EspañolWhen it comes to spending on public relations, the administration of Mexican President Enrique Peña Nieto is breaking records.
According to a report published on August 26 by watchdog NGOs Article 19 and Fundar Center for Analysis and Research, Peña Nieto spent an unprecedented MEX$14.6 billion on official government advertising in just his first two years in office, vastly exceeding the allotted budget.
“These excesses have become constant, and this reflects an absence of planning, a lack of control, and zero oversight,” the report states.
The six-chapter document analyzes and evaluates the Mexican government’s spending on advertising, both at the state and federal level, as well as its effectiveness.
The report finds that in 2013, the federal government exceeded its advertising budget of MEX$5.5 billion by 48.8 percent.
As part of the Alliance for Open Government, Mexico’s Ministry of Public Administration has reported the federal government’s monthly expenses on official advertising since 2012. The data includes items such as the budget line used, the contract type, the name of the ad agency, and the acquisition date, among other details.
Although the Social Communication Spending System (COMSOC) releases all the information recorded by state agencies within 10 calendar days following the end of each month, the report claims the system suffers from significant delays.
While preliminary figures showed $4.5 billion spent on official advertising in 2013, the report demonstrates that the Mexican federal government actually spent $7.6 billion — a difference of 69.7 percent.
When compared to the total advertising expenditures in the first years of previous administrations, Peña Nieto spent 35 percent more than Felipe Calderón in 2007, and more than double what Vicente Fox spent in 2001. The report notes that even when accounting for inflation, Peña Nieto’s spending still surpassed that of his predecessors.
In 2014, the Mexican federal government once again exceeded its advertising budget, this time spending 26 percent more than the allotted $5.2 billion. Preliminary figures in this case showed $3.5 billion in official advertising, but the final tally came in at $7 billion.
The report notes that the federal government allocated most of its funds to television advertising (30 percent) in 2014. The remaining funds went to communication-service providers (25 percent), radio stations (20 percent), print media (17 percent), webcasting (5 percent), and cinema (2 percent).
As for the media companies that provided the government’s adverts, Grupo Televisa led the pack, taking in 17.30 percent of the state’s spending, followed by Azteca Studios (7.93 percent), Estudios Churubusco (3.6 percent), Formula Group (3.25 percent), and the Mexican Editorial Organization (3.16 percent).
Of the 27 federal entities that released information on their original advertising budget and real expenses, 15 spent more than budgeted in 2013. Nine entities spent less than budgeted, while only three reported spending the same amount they originally had approved.
Overall, the 15 entities that surpassed their original budgets did so by 1.4 percent, or $1.6 billion more than the initial budget. Seven entities, however, spent more than twice their budgets (Chihuahua, Morelos, Campeche, Yucatán, Mexico City, Zacatecas, and Colima).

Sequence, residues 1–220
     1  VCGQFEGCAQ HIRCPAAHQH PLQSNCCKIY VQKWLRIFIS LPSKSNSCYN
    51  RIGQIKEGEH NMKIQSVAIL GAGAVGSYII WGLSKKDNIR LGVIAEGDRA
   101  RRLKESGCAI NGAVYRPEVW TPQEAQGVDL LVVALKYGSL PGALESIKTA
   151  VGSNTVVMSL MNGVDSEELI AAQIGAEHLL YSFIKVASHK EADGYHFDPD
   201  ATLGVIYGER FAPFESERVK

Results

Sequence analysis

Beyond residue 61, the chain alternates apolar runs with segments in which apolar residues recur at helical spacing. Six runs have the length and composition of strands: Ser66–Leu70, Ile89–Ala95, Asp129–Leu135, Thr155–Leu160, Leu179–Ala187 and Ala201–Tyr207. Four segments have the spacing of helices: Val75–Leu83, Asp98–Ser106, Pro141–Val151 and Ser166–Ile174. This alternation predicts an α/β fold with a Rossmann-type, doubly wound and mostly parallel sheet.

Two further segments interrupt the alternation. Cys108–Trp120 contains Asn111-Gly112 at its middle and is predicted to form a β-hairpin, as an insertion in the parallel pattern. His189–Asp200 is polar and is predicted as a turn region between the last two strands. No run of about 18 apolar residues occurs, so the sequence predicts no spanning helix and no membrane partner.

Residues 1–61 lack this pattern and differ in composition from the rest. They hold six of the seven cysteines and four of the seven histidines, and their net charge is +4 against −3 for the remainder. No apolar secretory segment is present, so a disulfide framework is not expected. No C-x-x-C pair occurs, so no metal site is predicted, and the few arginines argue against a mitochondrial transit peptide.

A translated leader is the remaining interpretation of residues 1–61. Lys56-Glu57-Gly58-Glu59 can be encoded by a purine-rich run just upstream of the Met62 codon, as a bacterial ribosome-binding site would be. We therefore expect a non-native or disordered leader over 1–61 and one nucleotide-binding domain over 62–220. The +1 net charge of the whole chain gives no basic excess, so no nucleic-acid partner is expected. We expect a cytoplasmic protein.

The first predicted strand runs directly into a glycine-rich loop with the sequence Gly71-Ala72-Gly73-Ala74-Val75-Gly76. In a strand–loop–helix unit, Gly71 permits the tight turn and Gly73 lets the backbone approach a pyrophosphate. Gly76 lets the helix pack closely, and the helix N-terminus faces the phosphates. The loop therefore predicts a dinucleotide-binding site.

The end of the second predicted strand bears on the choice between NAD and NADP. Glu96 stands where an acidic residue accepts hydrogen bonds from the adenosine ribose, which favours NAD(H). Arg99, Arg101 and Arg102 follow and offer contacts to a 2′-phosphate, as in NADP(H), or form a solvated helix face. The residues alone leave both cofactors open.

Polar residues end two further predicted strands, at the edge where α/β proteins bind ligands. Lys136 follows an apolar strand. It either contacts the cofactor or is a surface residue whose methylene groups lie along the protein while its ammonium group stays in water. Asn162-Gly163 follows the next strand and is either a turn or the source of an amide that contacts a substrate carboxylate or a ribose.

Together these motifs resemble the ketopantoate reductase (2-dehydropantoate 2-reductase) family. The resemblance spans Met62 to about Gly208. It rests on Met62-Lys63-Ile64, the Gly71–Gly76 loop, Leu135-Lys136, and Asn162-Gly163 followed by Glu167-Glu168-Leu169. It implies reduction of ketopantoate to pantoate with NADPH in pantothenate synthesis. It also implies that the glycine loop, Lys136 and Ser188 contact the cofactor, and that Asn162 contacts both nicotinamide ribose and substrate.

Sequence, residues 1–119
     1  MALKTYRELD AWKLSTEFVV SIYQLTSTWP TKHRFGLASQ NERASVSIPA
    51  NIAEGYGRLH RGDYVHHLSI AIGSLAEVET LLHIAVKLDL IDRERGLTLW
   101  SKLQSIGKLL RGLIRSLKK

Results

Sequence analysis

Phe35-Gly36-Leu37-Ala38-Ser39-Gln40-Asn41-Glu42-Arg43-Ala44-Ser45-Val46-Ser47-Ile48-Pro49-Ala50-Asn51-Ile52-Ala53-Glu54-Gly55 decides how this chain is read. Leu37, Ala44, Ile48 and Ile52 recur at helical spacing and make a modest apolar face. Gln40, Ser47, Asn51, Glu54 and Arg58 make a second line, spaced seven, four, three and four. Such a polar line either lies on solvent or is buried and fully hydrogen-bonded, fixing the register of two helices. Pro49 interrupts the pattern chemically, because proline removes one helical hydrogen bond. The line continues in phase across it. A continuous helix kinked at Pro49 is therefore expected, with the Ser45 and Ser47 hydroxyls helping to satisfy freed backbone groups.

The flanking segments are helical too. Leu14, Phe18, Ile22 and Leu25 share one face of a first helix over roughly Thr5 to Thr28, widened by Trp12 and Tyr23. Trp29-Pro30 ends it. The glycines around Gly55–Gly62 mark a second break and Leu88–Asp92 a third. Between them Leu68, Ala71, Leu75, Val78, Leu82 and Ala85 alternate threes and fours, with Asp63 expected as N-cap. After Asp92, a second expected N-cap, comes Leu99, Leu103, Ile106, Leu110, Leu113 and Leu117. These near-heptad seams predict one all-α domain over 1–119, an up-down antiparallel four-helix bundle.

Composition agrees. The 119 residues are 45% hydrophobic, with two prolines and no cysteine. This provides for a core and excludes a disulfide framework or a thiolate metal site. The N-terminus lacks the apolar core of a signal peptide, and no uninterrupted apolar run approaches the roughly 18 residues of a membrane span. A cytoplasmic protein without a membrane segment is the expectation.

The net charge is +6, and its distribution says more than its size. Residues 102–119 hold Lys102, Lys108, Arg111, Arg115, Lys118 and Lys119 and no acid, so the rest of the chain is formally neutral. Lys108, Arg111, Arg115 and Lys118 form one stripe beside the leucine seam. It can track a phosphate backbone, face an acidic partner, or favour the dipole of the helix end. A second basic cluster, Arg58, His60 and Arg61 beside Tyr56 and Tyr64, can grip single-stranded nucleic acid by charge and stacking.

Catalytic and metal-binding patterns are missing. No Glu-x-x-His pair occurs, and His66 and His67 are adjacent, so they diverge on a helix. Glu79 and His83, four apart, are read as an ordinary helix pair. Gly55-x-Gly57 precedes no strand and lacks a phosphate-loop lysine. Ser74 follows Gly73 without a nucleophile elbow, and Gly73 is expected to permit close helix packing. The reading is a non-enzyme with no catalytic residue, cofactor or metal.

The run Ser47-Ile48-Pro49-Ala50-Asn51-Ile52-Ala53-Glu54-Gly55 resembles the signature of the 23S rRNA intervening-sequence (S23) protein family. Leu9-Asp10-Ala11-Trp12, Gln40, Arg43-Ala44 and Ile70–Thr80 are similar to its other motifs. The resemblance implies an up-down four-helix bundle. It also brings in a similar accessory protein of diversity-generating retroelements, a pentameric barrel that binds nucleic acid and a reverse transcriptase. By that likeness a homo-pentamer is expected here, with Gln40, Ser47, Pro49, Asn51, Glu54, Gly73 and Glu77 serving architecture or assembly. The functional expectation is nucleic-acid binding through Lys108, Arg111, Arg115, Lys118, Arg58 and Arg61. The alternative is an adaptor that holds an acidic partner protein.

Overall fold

NGOs Call for Regulation
During a presentation of their report in Durango, México, Article 19 and Fundar called for the Mexican Congress to pass legislation establishing clear, objective, and transparent criteria to regulate government advertising.
Ana Cristina Ruelas, with Article 19’s Access to Information Program, warned that unless the legal framework is changed, freedom of expression will remain under threat in the country.
Joel Salas, commissioner of the National Institute of Transparency and Access to Information (INAI), said that once reforms are enacted in May 2016, the destination of all public resources shall be reported without exception.
EspañolGuatemalan President Otto Pérez Molina resigned from office just hours after a judge issued a warrant for his arrest late Wednesday evening, according to the president's spokesman, Jorge Ortega. “Given the current situation, and above all taking into consideration the interest of the state, I am obliged to continue with due process and therefore present myself before the justice system and settle my personal situation,” the president said in a letter to Congress. On Tuesday, Congress stripped Pérez Molina of his immunity, allowing prosecutors to move forward with charges related to a customs-fraud scheme known as “La Línea” (the Line). Authorities have previously arrested former Vice President Roxana Baldetti, who resigned her post in May when allegations first surfaced. Current Vice President Alejandro Maldonado will take over as president until January 14, 2016, when Pérez Molina’s presidential term would have expired. Presidential elections in Guatemala are scheduled for September 6. [adrotate group="8"] On Thursday, Pérez Molina appeared in court to respond to his arrest warrant and answer the charges of his alleged involvement in criminal activity. The judge is expected to soon determine whether the president is held in custody or remain free pending his trial. After the news of Pérez Molina's resignation spread throughout the country, thousands of Guatemalans gathered in the capital's main plaza to celebrate the decision with fireworks, songs, and chants. Sources: El Periódico de Guatemala, BBC.